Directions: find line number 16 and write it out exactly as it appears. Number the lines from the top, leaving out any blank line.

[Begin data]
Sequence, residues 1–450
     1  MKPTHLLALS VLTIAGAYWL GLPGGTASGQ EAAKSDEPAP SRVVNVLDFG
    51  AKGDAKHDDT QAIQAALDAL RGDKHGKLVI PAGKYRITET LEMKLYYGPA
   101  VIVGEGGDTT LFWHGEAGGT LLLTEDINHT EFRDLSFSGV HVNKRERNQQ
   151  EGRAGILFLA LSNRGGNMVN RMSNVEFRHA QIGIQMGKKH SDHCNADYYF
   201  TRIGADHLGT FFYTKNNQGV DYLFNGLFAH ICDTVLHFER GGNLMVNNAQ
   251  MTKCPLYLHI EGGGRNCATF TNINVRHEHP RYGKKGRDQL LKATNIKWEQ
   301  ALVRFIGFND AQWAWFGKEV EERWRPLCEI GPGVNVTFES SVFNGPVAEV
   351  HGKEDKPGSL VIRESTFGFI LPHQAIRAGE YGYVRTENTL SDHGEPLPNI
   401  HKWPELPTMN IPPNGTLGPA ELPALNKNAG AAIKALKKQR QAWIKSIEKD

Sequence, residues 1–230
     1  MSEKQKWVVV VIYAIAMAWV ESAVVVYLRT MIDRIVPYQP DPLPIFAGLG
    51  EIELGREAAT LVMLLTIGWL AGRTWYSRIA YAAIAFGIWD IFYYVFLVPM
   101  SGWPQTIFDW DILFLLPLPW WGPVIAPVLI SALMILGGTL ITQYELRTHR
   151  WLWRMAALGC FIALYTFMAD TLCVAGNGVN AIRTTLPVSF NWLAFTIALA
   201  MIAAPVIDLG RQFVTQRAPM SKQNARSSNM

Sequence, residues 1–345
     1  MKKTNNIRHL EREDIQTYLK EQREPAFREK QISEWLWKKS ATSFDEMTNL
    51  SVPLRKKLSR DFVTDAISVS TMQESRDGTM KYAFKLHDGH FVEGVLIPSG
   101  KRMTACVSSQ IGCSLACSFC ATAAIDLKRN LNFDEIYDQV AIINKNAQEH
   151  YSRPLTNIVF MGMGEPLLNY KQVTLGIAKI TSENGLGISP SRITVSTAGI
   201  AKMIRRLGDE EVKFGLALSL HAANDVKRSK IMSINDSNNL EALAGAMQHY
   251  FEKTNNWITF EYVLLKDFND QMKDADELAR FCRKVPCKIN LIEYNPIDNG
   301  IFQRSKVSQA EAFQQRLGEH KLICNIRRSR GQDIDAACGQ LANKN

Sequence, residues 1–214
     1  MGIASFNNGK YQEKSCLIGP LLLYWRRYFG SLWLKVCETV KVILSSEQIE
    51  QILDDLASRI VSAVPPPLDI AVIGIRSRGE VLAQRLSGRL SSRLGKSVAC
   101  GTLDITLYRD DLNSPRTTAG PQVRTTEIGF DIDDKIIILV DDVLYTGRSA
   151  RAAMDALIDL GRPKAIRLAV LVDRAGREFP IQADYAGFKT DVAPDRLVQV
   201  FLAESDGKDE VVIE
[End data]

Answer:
   201  MIAAPVIDLG RQFVTQRAPM SKQNARSSNM